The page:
2. Don't invest in long duration bonds or too many Government bonds. If we've learned anything from Greece's financial woes, it's that owning bonds guaranteed by your government don't mean a whole lot when you're government is broke. Greek bond holders lost 70% of their principal. Don't let that happen to you. Also, don't by a bunch of 30 year bonds. When interest rates rise (and they will eventually) long term bonds will temporarily lose market value. This could be painful, so it's best to be content with the lower rates on shorter duration bonds today so you don't have to feel much pain and could actually benefit from rising rates in the future.

  3. Don't put all your eggs in any one basket, no matter how nice that basket looks. A lot of my blog readers have enjoyed my annuity reviews over the past year. Hopefully I've helped a lot of people from misusing annuities in their financial plan. In times like these, many sales agents try to use data like what's in the Mason video to scare investors. Ultimately they suggest some magical product that keeps the investors money safe. If you feel that urge, just try to remember never to commit too much money to any single investment, even if it is supposedly guaranteed. If we have a large scale recession more severe than the last few we've went through - you'll want to know you're money is well spread out. Anything can happen.

  4. Keep your money flexible and investments able to adapt to rapidly changing conditions. On this blog I share for free a Tactical Asset Allocation model. Tactical Asset Allocation is simply the science of making subtle changes to a portfolio so it can adapt to the environment around it. The USA has gone through a lot, but never a fiscal meltdown. So I'd be very careful following advice that suggests just because some traditional method of investing has worked for 80 years - it will continue to do so for all of eternity. Rather, by being conservative but flexible, I believe you stand the best chance of doing well even in trying times.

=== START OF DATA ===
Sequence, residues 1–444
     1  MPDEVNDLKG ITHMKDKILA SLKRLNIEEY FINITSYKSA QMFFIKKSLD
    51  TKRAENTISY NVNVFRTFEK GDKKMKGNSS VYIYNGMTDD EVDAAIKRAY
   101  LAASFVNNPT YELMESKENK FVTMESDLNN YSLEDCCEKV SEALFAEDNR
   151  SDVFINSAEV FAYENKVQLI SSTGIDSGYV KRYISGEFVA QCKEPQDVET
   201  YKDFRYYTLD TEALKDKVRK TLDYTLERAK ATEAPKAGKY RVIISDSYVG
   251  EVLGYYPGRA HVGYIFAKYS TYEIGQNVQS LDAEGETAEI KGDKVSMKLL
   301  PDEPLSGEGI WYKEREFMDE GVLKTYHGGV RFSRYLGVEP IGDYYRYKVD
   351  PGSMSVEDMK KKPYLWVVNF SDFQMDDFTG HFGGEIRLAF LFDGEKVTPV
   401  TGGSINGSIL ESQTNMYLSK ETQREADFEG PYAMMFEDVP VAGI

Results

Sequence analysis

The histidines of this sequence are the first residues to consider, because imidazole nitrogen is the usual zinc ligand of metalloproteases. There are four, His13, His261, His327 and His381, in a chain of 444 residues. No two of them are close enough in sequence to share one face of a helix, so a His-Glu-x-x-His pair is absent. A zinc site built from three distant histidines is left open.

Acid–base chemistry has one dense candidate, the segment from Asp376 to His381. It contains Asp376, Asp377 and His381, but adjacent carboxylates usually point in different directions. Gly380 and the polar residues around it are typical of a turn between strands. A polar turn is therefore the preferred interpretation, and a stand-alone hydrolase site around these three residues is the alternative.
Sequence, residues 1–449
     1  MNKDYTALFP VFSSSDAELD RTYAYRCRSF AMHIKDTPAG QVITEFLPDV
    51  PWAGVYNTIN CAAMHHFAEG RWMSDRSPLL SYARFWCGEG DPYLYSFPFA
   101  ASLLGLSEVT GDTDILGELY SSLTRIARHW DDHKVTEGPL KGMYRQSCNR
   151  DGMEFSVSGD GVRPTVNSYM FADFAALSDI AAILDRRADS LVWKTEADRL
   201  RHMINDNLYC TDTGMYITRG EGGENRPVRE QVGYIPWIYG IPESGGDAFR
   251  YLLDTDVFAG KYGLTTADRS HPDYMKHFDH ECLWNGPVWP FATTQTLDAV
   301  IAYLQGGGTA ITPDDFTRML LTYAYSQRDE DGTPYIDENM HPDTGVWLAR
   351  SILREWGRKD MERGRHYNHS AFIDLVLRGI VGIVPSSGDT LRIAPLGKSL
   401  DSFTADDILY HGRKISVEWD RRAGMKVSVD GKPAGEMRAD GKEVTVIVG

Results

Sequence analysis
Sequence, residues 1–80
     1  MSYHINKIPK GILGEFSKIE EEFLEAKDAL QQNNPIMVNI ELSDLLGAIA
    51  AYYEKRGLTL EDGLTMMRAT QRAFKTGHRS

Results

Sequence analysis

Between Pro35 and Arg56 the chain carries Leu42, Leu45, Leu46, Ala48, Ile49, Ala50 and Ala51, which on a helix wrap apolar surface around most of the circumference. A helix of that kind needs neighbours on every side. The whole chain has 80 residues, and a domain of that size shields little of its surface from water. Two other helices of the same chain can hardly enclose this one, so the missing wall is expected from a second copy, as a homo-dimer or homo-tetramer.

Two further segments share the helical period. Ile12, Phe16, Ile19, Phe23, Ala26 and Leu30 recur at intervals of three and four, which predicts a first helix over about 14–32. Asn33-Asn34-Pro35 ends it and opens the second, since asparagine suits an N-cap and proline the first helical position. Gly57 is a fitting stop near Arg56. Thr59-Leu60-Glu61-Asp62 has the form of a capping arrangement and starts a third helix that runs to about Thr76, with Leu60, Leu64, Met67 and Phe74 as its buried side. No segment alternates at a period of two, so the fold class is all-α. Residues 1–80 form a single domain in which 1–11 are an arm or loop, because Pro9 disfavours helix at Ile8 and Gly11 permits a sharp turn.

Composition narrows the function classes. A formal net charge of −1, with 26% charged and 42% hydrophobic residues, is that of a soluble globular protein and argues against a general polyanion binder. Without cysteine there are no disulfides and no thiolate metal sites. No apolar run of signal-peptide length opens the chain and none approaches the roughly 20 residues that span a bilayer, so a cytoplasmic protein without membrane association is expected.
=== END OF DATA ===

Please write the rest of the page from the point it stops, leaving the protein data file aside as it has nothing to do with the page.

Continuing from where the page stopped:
So there you have it.  4 simple thoughts on how to be better prepared for what may happen if we don't fix our budget messes.  Hopefully a solid plan gets put into place by our elected leaders, but if not, make sure you know what could happen and what you can do to take care of yourself and your family.

There's a lot more I could write about on this topic.  But we'll save some of that for another day.

Sorry for being a Debby Downer.  As of this writing the market is actually close to its high for the year, and while far from perfect, a lot of economic data has been slowly improving.  It's just not all roses out there.  There will be times like this year where getting decent investment returns is pretty easy - and sometimes that leads to complacency.

This post is really about ensuring we don't get complacent.  Instead we should do the best we can in the current conditions, but always be watching for when the other shoe drops.


Jason Wenk

Is a Bear Market Starting?

Market Update - October 17, 2012